• Robert P. George, McCormick Professor of Jurisprudence Princeton University
  • George Weigel, Distinguished Senior Fellow and William E. Simon Chair in Catholic Studies Ethics and Public Policy Center
  • Ryan T. Anderson William E. Simon Senior Research Fello, The Heritage Foundation
  • Stephen M. Barr University of Delaware
  • Francis J. Beckwith Professor of Philosophy and Church–State Studies Baylor University
  • Mary Ellen Bork Ethics and Public Policy Center Board Gerard V. Bradley Professor of Law University of Notre Dame
  • Don J. Briel John Henry Newman Chair of Liberal Arts University of Mary
  • Brian Burch President, CatholicVote.org.
  • James C. Capretta Senior Fellow, Ethics and Public Policy Center
  • Joseph Cella Founder, National Catholic Prayer Breakfast
  • Grazie Pozo Christie, M.D. The Catholic Association
  • Ann Corkery, Founder, Catholic Voices USA
  • Neil Corkery, Sudan Relief Fund
  • David Paul Deavel, Interim Editor, Logos: A Journal of Catholic Thought and Culture
  • Mary Eberstadt, Senior Fellow, Ethics and Public Policy Center
  • Eduardo Echeverria, Professor of Philosophy and Systematic Theology Sacred Heart Major Seminary
  • Thomas F. Farr, Director, Religious Freedom Project Georgetown University
  • Matthew J. Franck, Director, William E. and Carol G. Simon Center on Religion and the Constitution, Witherspoon Institute
  • Anna Halpine, Founder, World Youth Alliance
  • Mary Rice Hasson Director, Catholic Women’s Forum, Ethics and Public Policy Center
  • Stephen J. Heaney, Associate Professor of Philosophy University of St. Thomas
  • John P. Hittinger, Pope John Paul II Forum, Center for Thomistic Studies University of St. Thomas
  • Elizabeth M. Kelly, Managing Editor, Logos: A Journal of Catholic Thought and Culture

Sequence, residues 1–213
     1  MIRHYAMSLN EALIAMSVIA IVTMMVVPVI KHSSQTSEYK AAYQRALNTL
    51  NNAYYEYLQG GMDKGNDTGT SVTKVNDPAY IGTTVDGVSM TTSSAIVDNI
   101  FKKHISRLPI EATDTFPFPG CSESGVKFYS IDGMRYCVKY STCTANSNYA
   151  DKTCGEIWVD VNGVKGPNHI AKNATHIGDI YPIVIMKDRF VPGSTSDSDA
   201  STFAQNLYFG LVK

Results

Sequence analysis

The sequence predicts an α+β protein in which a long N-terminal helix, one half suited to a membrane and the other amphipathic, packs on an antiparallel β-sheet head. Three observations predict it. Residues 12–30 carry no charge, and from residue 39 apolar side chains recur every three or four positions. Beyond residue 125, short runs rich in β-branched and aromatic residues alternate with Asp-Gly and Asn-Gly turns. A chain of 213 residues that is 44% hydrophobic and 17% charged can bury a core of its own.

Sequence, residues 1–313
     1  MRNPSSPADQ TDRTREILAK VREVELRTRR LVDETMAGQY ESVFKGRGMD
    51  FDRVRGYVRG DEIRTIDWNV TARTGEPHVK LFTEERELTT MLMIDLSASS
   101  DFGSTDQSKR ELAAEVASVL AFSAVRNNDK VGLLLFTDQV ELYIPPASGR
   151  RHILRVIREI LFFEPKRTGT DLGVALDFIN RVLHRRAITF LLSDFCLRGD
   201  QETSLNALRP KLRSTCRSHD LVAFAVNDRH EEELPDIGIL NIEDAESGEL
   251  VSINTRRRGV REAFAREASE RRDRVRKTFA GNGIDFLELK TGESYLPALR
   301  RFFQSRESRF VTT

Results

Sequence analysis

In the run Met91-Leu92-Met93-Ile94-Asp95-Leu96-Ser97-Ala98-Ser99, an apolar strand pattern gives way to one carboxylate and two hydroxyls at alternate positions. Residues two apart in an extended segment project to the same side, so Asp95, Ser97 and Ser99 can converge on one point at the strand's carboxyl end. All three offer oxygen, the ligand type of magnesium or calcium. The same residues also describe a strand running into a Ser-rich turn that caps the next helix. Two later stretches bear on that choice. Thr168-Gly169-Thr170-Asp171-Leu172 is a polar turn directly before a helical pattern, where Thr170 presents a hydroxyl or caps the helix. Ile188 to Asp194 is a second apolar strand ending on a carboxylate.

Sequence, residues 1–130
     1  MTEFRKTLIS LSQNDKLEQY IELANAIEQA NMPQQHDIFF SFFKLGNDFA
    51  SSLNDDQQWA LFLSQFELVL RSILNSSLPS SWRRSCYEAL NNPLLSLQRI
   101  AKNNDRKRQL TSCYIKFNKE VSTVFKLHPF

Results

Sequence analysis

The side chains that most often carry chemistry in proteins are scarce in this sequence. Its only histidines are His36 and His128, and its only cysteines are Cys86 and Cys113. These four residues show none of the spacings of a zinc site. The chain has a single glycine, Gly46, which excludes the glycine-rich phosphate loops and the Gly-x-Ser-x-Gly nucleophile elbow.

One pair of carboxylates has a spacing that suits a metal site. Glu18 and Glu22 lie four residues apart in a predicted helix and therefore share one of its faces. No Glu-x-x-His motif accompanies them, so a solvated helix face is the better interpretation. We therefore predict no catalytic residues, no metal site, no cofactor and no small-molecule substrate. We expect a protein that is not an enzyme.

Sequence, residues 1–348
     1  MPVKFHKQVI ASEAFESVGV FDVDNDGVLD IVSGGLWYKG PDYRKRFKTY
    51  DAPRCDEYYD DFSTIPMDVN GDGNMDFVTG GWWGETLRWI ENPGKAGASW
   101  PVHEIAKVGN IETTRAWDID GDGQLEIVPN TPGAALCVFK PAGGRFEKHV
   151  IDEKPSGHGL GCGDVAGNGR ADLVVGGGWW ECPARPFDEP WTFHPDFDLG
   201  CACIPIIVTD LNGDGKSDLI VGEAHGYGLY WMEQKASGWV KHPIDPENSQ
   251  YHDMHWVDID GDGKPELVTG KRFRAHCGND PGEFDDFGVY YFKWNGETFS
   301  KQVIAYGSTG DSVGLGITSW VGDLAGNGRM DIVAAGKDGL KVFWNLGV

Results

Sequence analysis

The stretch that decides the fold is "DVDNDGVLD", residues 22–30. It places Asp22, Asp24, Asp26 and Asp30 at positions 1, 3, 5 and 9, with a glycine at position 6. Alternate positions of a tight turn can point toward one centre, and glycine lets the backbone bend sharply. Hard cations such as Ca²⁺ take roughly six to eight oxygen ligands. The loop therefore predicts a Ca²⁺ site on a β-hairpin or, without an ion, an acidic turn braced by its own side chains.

• Rachel Lu, Senior Contributor, The Federalist
  • Bruce D. Marshall Lehman Professor of Christian Doctrine Perkins School of Theology Southern Methodist University
  • Robert T. Miller, Professor of Law and F. Arnold Daum Fellow in Corporate Law University of Iowa College of Law
  • Kate O’Beirne, Former Washington Editor, National Review
  • C. C. Pecknold, The Catholic University of America
  • Robert Royal, Faith and Reason Institute
  • Deborah Savage, Professor of Philosophy and Theology University of St. Thomas
  • Timothy Samuel, Shah Religious Freedom Project Georgetown University
  • Nina Shea, Director, Center for Religious Freedom Hudson Institute
  • Hilary Towers, Developmental psychologist and author
  • David R. Upham, Associate Professor of Politics University of Dallas
  • Edward Whelan, Ethics and Public Policy Center
  • Stephen P. White, Fellow, Ethics and Public Policy Center

Titles and affiliations of each individual are provided for identification purposes only. The views expressed are those of the individual signatories and do not necessarily represent the views of any organization or entity.

Print Friendly, PDF & Email
Be Sociable, Share!